CATIA V5 Lightsaber Technical Drawing




Introduction: CATIA V5 Lightsaber Technical Drawing

The purpose of this instructables is to show you how to make a technical drawing from the CATIA V5 Lightsaber we created in earlier instructables. This will mainly show you how to import and dimension a drawing. This step will be vital if the object is ever to be sent into a machine shop or to be 3D printed, as it gives a user all the information they need to actually build the lightsaber you modeled.

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Step 1:

The first step required to turn a CATIA model into a technical drawing is creating a drawing file. To do this, there are a few main options. If you already have a drawing file either provided by a company or from a school, and it is in the CATIA drawing file format, you can use this. If you don’t have one of these don’t worry, because CATIA has the ability to make a drawing file without issue. To do this, click on Start in the top left corner, then move to mechanical design, and finally to drafting, and then hitting ‘okay’ for the standards. This creates a blank technical drawing file.

Step 2: Tiling Your Technical Drawing

You will want to make sure to have the lightsaber file open for the next few steps. If you want, you can create a split screen in CATIA by going to Window, and clicking on Tile Vertically between the lightsaber and the drawing. This will me most useful for the next section of the project, but may be useful for you if you would prefer to look at the lightsaber while creating a technical design.

Step 3: Importing Product

Once the drawing file is created, you need to import the lightsaber into the drawing file. This can be done with any view, but this example will use the side view. First find the “Views” toolbar on your screen and drag it out. This toolbar is required to bring in the lightsaber specifications from the product file. Next click on the front views button.

Step 4: Alternative Importing Product

You can also do this by going to the Menu, Insert, Views, Projection, Front View.

Step 5: Bringing in the Lightsaber

Next you have to select a reference plane, so switch over to the lightsaber part file. You can do this by clicking on the Window button and then selecting the lightsaber save file. You can hover your mouse over various different planes to get different views of the lightsaber. To see what view you’re clicking on, you can look in the bottom right corner to see the Oriented Preview Box. For this tutorial, we will select the view along the YZ plane. Click on the plane to move the selected view to the technical drawing file.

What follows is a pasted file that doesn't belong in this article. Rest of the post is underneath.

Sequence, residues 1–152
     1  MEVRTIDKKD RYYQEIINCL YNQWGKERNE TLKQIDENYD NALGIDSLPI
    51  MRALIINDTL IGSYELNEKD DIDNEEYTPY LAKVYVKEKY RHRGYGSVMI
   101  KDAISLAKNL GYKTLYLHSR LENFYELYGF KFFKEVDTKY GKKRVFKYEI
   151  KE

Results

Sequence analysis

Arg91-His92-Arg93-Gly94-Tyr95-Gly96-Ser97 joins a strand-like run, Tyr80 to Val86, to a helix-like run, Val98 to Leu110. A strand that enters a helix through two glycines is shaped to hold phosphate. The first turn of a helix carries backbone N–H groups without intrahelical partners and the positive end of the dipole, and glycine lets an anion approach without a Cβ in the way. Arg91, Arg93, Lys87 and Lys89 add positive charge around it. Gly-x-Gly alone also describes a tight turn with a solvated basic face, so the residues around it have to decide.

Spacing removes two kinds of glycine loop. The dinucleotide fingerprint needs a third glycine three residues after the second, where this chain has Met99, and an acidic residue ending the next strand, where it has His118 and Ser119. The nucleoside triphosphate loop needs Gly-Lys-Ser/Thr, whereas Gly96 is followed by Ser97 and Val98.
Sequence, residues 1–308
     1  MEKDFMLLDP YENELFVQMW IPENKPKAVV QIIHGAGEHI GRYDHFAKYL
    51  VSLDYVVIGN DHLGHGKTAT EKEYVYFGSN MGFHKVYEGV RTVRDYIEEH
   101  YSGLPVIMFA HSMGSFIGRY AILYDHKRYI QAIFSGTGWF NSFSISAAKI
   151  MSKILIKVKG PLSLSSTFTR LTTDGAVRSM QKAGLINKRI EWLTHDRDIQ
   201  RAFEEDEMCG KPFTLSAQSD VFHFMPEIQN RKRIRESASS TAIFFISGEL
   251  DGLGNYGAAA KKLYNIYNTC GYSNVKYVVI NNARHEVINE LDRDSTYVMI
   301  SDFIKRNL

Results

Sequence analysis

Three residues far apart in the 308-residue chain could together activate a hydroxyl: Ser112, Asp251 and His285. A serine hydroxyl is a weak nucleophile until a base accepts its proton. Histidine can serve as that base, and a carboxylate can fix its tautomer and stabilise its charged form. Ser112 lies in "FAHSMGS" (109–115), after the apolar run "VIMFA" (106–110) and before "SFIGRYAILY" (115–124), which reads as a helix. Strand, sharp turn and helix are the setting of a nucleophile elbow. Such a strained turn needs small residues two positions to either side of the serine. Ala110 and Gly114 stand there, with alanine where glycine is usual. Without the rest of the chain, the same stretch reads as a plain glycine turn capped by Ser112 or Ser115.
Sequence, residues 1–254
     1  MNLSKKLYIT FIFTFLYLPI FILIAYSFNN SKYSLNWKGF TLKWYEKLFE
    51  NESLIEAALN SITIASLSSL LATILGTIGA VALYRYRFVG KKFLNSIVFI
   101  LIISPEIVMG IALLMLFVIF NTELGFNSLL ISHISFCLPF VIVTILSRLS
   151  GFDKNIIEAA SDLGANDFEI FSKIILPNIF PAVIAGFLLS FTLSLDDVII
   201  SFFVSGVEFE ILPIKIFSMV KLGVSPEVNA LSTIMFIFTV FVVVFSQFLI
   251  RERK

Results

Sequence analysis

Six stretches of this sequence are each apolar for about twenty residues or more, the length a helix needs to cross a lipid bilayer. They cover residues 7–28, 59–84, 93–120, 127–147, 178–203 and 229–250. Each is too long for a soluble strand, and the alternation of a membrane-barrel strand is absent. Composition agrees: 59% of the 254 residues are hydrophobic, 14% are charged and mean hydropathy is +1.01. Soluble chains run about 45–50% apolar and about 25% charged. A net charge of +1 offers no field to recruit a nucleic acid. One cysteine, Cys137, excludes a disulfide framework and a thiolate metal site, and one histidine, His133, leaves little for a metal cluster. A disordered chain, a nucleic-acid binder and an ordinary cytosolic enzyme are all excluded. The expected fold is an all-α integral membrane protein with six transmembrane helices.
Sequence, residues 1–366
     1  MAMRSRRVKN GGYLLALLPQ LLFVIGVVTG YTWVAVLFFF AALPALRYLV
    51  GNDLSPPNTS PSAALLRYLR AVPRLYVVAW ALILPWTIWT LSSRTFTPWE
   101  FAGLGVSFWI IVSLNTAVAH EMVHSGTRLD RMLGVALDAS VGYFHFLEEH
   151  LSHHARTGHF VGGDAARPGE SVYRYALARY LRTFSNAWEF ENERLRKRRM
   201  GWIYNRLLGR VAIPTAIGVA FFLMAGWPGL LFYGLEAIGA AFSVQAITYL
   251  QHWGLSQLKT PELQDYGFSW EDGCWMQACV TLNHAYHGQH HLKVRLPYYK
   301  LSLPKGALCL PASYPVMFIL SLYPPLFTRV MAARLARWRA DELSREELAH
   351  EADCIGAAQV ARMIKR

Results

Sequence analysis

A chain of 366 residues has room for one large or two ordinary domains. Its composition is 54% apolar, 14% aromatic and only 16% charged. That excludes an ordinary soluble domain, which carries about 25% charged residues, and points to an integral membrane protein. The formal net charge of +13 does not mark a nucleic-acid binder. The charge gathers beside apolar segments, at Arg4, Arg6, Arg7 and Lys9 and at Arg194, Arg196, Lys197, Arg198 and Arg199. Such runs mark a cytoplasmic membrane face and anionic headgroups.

Step 6: Creating the Technical Base Drawing

Once on the technical drawing file, you should get something similar to the first image. Click anywhere to turn the lightsaber into a black and white line drawing. If the lightsaber seems too small, right click on the lightsaber and select properties. From here, go to scale, and enter the scale you would like. This demonstration will use 2:1. For convenience, you can move the entire drawing into the top left corner so it will be easier to add the other views.

Step 7: The Projection View Button

Next you have to create two other views of the lightsaber: the front view and the top view. You can create other views (bottom, back) if you would like, but this is optional and won’t be done with these instructions (although the procedure is practically identical to the other view creation ones).

To create the other views, you can redo the steps before and use different planes to create the view. This method works but is not very efficient, as each piece is treated differently. You can create views off of the pre-existing view on paper, which keeps the views connected so that they’re always the same size, and they move together.

To do this, you need to select the small arrow under the front view button. This opens up the projections toolbar, which you can drag out and into it’s own toolbar. From here, click on the middle button called the “Projection View Button”. Hover over the lightsaber drawing. Moving the mouse upwards should give a top (or bottom view, depending on how you oriented it), and vice versa. Moving it to the left of the lightsaber should give you a front view, and to the right should give you a back view.

Step 8: Creating Other Views

You can create a front view by hovering the mouse over the top of the lightsaber, far enough away that the two lightsabers aren’t touching, and then clicking down. To create the front view, do the same thing for the front of the lightsaber.